Jonathan Becker doesn't like his options between the two major-party candidates in a duel for the US presidency. George W. Bush's politics don't reflect his own. And John Kerry, he says, is too hard to pin down. So Mr. Becker will be voting for Ralph Nader.
"He's specifically clear on where he is on the issues," says Becker, a computer-support specialist in New York who names civil rights and Iraq as his own hot-button concerns.
"In an election, you vote for who you want to vote for," he adds. "I'm not into voting a guy out of power just to replace him with an unknown quantity."
By all appearances, Nader supporters like Becker - ready to stay with his candidate to the end - are a rarer breed today than they were four years ago. On April 5, for example, Mr. Nader failed to get enough signatures in his first bid to qualify for the ballot in Oregon, which would have been the first state to list him for the 2004 race.
Nader's prospects for at least making a blip in November - assuming he stays in the race - rest in the hands of a group many experts call relatively small in number, but remarkably broad in terms of the agendas it represents.
Some of Nader's "true believers," as one observer calls them, have an almost nihilistic take on major-party politics. But his supporters also include some conservative Christians, one of whom calls Nader a "puritan patriot [whose] morals require all of us to do more for each other and the public good."Also among core backers: ardent internationalists and elements of the more isolationist Reform Party.
"They don't care about Republican or Democratic politics," says Michael McDonald, professor of public affairs at George Mason University in Fairfax, Va. "They have a commitment to something they believe in, and they're going to support that."
Democrats have worked hard to win them over, labeling votes for Nader as wasted votes and citing Al Gore's contested 537-vote loss in 2000 in electoral-vote-rich Florida. Nader drew 97,000 votes there - many of which were probably pulled from Mr. Gore.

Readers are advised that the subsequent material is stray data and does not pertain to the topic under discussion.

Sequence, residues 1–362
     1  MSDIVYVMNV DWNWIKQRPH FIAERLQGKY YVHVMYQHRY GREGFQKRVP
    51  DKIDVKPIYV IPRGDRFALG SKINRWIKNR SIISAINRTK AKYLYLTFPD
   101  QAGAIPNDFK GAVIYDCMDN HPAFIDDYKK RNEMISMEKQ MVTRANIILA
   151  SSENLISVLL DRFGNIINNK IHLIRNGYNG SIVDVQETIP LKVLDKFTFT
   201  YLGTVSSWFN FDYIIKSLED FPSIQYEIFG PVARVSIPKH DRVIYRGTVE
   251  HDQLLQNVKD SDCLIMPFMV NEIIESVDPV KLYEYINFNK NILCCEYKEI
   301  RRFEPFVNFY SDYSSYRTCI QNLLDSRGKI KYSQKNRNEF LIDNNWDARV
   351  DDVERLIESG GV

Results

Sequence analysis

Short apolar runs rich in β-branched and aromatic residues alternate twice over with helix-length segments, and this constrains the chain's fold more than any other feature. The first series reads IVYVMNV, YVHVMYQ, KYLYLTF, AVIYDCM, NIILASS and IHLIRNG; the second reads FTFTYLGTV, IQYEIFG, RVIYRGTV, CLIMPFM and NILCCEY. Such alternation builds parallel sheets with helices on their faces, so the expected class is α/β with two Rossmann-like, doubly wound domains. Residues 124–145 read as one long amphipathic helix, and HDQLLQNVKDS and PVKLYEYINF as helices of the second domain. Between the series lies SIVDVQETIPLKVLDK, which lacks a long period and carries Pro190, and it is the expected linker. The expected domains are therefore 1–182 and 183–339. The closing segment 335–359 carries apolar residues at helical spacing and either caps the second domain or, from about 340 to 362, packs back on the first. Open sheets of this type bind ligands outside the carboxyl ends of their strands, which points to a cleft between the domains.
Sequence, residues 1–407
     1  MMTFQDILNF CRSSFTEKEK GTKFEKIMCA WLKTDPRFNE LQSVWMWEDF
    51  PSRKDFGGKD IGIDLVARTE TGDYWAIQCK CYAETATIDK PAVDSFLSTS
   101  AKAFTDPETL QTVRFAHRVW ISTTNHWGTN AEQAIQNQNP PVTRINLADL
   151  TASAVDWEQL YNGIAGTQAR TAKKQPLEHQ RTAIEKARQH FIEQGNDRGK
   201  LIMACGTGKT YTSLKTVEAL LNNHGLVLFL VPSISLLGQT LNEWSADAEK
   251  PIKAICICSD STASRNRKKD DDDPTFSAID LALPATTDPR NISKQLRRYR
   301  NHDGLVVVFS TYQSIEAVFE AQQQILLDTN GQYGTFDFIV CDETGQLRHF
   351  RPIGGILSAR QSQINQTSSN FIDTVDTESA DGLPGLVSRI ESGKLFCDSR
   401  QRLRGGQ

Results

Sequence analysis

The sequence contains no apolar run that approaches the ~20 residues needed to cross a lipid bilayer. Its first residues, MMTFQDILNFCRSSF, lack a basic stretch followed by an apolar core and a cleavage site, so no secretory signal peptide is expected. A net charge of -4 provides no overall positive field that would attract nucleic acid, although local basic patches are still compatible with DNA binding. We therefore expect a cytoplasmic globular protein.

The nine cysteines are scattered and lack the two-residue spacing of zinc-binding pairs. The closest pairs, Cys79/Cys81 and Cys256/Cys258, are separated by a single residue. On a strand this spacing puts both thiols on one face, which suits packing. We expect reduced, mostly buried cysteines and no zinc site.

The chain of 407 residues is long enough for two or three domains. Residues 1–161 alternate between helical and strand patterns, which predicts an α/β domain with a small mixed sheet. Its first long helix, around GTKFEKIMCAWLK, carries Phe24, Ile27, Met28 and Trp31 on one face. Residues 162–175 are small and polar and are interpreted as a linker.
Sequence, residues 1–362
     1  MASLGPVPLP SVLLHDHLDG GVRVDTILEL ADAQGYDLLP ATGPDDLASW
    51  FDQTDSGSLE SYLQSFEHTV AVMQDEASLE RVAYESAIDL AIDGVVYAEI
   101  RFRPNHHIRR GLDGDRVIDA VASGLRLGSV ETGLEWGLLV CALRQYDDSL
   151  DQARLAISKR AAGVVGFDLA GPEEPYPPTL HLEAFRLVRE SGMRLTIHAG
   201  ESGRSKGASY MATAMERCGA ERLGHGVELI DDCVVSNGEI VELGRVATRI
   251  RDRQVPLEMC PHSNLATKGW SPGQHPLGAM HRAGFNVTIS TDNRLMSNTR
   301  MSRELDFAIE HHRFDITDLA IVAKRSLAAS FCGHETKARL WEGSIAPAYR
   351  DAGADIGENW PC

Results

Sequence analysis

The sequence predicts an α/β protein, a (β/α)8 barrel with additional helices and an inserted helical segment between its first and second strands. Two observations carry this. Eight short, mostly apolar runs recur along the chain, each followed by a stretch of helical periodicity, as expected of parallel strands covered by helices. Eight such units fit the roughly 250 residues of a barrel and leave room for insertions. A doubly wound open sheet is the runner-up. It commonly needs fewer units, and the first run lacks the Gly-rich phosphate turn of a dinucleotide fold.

Howard Dean - whose "Deaniac" followers were thought by some observers to be among the ripest for conversion to the Naderite nation - wrote an opinion piece in Monday's New York Times that hailed Nader's accomplishments but added that Nader had "no realistic shot," and cited the "danger of voting for any third-party candidate in elections this close."
Indeed, some experts point to signs that commitment to Nader could falter as the election nears.
"I suspect one of the reasons Nader will likely end up with much less support - aside from the fact that he's not likely to get onto the ballot in some states - is that many of his voters did accept the analysis [that he was a spoiler]," says Howard Gold, a professor of government at Smith College in Northampton, Mass.
Only the relatively few who reject that analysis - perhaps less than half the 2.7 percent Nader won over in 2000, says Mr. Gold - will stay with him. Polls show he is now drawing anywhere from 2 to 6 percent.
"You're talking about the ultimate protest voter," Gold says of the holdouts. "Their vote is an expression of disaffection from the system.... [But] I think it'll be tempered by what's happened in the past four years, and by an awareness among former Nader voters about the consequence of their actions."
Yet nothing seems to anger Naderites more than being told they should feel chastened by Gore's loss.
"That is offensive," says Julio Postigo, a retired physician in Miami. "By saying that, they are trying to deny me a choice [in 2004].... I like Ralph," says Mr. Postigo. "I think that he has a chance to build a party," Green or otherwise.
Nader is running this time as an Independent. That his appeal seems to cut across so many lines - even within a small bloc - is significant, observers say.
"Nader keeps saying that they may be a different set of people [than in 2000], and there's some information that he's right," says Richard Winger, publisher of Ballot Access News.
"When we think about Nader, we think about his having some kind of ideology," says Mr. McDonald, "And that would be a liberal ideology that's to the left of Kerry." Logically, that would lock out support from the right side of the spectrum, he says. But in Nader's case, some intangibles appear to override that. Another factor: more voters willing to mix and match from major-party menus. "Not all political issues fit neatly in the left/right thing," says Mr. Winger.
The broad implication is that a viable third-party movement could finally emerge as voters gain the confidence to go their own way. Voter participation spiked when Ross Perot ran for president in 1992. He claimed 19 percent of the vote as new voters stepped forward.
"We see Mr. Nader's candidacy as [another] vehicle to do that," says Carey Campbell, state chairman of the Independent Green Party in Virginia.
Before the 2000 election, a Gallup poll found 67 percent of Americans favored a strong third party. Recent surveys have shown the elusive 18-to-30 set of voters to be watching the 2004 election closely. Nader's contingent, experts say, could be a sign of things to come.
It begins with city councils and mayoral races, McDonald says - and with grass-roots campaigns like Nader's.